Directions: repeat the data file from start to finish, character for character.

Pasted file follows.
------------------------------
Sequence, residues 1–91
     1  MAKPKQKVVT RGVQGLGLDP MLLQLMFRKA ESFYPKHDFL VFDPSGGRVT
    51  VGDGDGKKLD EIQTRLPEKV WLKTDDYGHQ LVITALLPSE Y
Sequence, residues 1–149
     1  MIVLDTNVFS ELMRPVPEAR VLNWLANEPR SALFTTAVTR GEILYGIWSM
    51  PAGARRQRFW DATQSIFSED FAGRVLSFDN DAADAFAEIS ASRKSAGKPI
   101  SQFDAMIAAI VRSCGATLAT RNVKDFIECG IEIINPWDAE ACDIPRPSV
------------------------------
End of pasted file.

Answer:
Sequence, residues 1–91
     1  MAKPKQKVVT RGVQGLGLDP MLLQLMFRKA ESFYPKHDFL VFDPSGGRVT
    51  VGDGDGKKLD EIQTRLPEKV WLKTDDYGHQ LVITALLPSE Y
Sequence, residues 1–149
     1  MIVLDTNVFS ELMRPVPEAR VLNWLANEPR SALFTTAVTR GEILYGIWSM
    51  PAGARRQRFW DATQSIFSED FAGRVLSFDN DAADAFAEIS ASRKSAGKPI
   101  SQFDAMIAAI VRSCGATLAT RNVKDFIECG IEIINPWDAE ACDIPRPSV